Jefferson is regarded by historians and oenophiles alike as the world’s first eminent connoisseur. On his diplomatic missions to France, he fell in love with European wine. Until then, his exposure had been to the Portugese and Spanish fortified varieties favoured by the English. The wines of France were a new phenomenon entirely, and inspired the American polymath to open his pocketbook. During his first term as President, Jefferson spent the equivalent one hundred twenty thousand modern dollars on wine alone. (Occasionally, he would order a case for his friend George Washington.)
In 1985, Christie’s in London auctioned off a green bottle engraved with “Lafitte” and the initials “Th.J.” The catalogue stated that, based on available evidence, the bottle came from a collection owned by none other than Thomas Jefferson.
It sold to Bill Koch, one of America’s richest men, for one hundred fifty-seven thousand dollars.
Other prominent collectors began scooping up bottles from the collection. Before long, bottles of Jeffersonian wine were gracing the world’s most well-stocked, well-funded cellars. No-one questioned the provenance of these finds until 2005, when Koch’s collection was being considered for an exhibition at the Boston Museum of Fine Arts. When Koch’s staff contacted the Thomas Jefferson Foundation, they discovered that there was no evidence whatsoever that these bottles had ever belonged to Thomas Jefferson.
The discovery sparked off a globe-spanning investigation funded by Koch out of his own pocket. The origin of the Jefferson bottle was traced to a colorful German wine collector named Hardy Rodenstock.
Rodenstock had been a fixture in the world of fine wine since 1980, when he began holding elaborate tastings of some the world’s rarest finds. Fellow collectors knew him as someone who would often discover - and resell - extremely rare vintages, or wines whose provenance intersected with history in interested ways (such as bottles from the cellar of the last Russian Tsar.)
He was the one who claimed to have received a phone call from a Parisian source, who then sold him the Thomas Jefferson bottles. Rodenstock, when questioned, would not reveal the name of the source or the location where the bottles were discovered. In interviews, he would claim to have found anywhere from one dozen to thirty bottles of the rare wine.
Rodenstock’s history was already spotty. In 1992, a collector purchased a Jefferson bottle from him. When he tried to resell it at Christie’s, Rodenstock intervened, claiming that he had originally sold the bottle on the condition that it would not be resold. The buyer did not recall any such stipulations. He had the bottle forensically analyzed, and discovered that the contents - whose vintage allegedly dated back to the 18th century - had been produced at some point after 1962. He sued Rodenstock; a German court found Rodenstock guilty; Rodenstock countersued; and, eventually, the two settled out of court.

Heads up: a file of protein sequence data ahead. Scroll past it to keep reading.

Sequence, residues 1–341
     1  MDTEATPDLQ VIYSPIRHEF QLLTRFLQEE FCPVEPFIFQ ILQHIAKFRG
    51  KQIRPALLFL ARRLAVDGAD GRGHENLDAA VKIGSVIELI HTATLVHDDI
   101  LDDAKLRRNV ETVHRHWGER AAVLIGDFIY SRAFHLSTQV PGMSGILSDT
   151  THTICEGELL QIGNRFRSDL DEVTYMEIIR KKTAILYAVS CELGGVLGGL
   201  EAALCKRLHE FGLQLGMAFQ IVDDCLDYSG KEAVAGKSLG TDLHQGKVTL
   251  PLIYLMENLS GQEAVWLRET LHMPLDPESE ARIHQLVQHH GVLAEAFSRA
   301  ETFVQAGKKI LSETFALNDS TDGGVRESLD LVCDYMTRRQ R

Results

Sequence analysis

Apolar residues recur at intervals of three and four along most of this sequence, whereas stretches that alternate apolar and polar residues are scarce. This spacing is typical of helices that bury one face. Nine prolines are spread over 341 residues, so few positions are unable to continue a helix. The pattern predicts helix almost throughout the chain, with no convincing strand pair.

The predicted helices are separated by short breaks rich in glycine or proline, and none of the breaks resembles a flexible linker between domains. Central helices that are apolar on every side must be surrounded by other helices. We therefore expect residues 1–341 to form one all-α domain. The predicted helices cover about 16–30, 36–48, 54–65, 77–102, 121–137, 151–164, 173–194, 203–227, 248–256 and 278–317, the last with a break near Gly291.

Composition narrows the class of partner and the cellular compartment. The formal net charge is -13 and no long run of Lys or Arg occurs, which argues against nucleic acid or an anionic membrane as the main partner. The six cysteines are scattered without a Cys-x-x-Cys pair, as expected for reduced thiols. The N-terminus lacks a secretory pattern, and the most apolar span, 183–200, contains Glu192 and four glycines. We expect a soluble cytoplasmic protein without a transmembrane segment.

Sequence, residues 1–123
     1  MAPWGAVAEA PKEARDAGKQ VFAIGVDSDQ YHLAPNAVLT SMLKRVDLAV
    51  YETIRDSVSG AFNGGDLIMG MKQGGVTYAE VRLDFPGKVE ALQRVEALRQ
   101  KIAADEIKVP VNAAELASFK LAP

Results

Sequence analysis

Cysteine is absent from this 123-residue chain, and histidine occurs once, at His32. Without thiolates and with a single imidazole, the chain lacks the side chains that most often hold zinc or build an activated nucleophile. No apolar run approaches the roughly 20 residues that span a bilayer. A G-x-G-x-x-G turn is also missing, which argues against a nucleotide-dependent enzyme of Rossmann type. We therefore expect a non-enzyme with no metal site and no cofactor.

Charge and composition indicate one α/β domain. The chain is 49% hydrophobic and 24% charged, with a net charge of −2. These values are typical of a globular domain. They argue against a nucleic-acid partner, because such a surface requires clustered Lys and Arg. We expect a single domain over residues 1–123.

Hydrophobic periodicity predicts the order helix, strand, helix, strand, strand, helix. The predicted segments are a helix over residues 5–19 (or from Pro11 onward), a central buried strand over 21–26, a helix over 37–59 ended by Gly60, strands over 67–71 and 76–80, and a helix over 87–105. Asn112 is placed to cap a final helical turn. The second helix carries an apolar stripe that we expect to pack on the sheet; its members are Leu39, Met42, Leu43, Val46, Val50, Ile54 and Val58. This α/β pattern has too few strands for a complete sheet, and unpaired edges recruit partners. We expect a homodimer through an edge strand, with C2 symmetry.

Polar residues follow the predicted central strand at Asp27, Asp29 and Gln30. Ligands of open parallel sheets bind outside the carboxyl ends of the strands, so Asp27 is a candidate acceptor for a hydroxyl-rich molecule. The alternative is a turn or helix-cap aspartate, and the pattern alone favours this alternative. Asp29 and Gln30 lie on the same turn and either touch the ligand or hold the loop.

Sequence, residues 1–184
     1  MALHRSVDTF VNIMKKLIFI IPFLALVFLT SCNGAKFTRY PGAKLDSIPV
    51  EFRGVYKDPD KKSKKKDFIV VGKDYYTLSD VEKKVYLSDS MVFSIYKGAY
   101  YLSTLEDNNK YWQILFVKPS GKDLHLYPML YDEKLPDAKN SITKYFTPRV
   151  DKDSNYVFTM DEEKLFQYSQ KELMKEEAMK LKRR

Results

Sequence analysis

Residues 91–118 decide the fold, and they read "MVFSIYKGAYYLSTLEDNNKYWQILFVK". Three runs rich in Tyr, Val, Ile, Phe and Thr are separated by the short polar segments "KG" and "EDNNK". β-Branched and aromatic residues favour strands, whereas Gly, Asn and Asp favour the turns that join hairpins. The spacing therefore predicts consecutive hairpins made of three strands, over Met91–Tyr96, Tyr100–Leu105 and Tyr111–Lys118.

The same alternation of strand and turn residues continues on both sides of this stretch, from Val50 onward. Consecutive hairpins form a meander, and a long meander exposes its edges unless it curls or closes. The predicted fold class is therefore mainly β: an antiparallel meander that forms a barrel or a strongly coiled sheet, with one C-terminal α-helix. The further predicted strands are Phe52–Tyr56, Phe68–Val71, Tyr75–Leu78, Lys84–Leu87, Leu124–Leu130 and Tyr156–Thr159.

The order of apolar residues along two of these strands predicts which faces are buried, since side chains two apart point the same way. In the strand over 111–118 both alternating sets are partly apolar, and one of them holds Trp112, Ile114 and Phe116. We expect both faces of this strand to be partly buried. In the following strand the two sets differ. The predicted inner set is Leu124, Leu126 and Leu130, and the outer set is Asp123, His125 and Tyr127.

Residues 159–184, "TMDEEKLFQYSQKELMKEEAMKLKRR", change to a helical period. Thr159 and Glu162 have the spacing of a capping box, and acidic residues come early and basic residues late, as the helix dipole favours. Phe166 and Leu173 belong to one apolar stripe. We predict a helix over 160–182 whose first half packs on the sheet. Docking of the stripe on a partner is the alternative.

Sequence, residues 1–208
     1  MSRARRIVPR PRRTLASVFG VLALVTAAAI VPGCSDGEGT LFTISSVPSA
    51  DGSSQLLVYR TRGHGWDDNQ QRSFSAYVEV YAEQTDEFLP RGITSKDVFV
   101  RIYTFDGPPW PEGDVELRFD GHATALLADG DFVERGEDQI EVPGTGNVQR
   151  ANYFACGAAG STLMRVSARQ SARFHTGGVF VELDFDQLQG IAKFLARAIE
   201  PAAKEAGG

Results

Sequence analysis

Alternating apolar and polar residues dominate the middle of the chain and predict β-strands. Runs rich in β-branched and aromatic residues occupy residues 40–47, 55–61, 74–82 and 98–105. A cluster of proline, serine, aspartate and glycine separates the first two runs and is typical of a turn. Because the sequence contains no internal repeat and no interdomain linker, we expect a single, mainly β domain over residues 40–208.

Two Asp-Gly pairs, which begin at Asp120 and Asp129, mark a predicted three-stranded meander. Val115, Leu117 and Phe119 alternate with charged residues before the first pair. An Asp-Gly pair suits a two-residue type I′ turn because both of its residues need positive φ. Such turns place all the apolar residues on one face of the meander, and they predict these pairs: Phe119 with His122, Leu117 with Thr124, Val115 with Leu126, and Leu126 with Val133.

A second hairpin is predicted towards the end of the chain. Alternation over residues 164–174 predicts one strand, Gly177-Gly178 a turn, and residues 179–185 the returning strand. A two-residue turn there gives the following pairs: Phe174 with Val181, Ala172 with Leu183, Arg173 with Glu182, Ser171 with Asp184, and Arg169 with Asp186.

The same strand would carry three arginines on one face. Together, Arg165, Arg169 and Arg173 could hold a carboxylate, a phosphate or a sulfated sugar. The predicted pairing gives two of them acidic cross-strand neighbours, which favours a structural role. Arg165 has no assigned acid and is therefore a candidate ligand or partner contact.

Early on in Koch’s investigation, he learned that Hardy Rodenstock’s name was not his real name, and that he did not come from (as he claimed) a wealthy German family. He had actually been born Meinhard Görke, and was the son of a railyard worker. He also claimed to have once been a professor, without ever providing evidence in the form of credentials.
Further, he had close connections with Michael Broadbent, internationally renowned wine critic and head of Christie’s wine department. Broadbent is known for his tasting notes for rare and extremely old wines. Much of his access to these wines - including most of those from the 18th century - came via Rodenstock. A great deal of his work, Broadbent wrote in one of his books, came about only as a result of Rodenstock’s “immense generosity.”
Koch’s investigators discovered that, even as far back as the 1985, there were questions about the Jefferson wine’s authenticity. Broadbent had approached the Thomas Jefferson Foundation and learned what they already knew: That there was absolutely no evidence to back up claims that the wine once belonged to Jefferson.
Broadbent’s problem now was that he had certified much of Rodenstock’s rarest stock. Rodenstock, in turn, owed much of his reputation (and his profits) from Broadbent’s certifications.
But evidence against Rodenstock continued to accumulate. In the late ‘90s, a pair of collectors had raised concerns about the provenance of some other bottles Rodenstock had sold which, according to the historical records, was inconsistent with the size of bottles actually produced by the winemaker in question. And Koch’s team had consulted with experts to learn that the engraving on the Jefferson bottles was in the style of that done by an electric dremel rather than an 18th century tool.
Koch filed a civil lawsuit against Rodenstock in 2006. Rodenstock refused to participate, citing the fact that Koch had not bought the bottles directly from him, but via third parties. He also claimed he could not be charged in an American court because he was a German citizen. Rodenstock was never charged.
Scientific techniques like those used in the case of the Jefferson bottles can be used to root out fakes, but not all collectors may want to use them. After all, once you’ve spent thousands of dollars on a rare bottle, and showed it off to all of your friends, do you really feel like having its value demoted to zero?
Bill Koch, at least, is glad to have gotten to the bottle of the matter. Given widespread coverage of the story, his bottles now have celebrity status. When he shows off his cellar to guests, he likes to brag about owning the Thomas Jefferson fakes.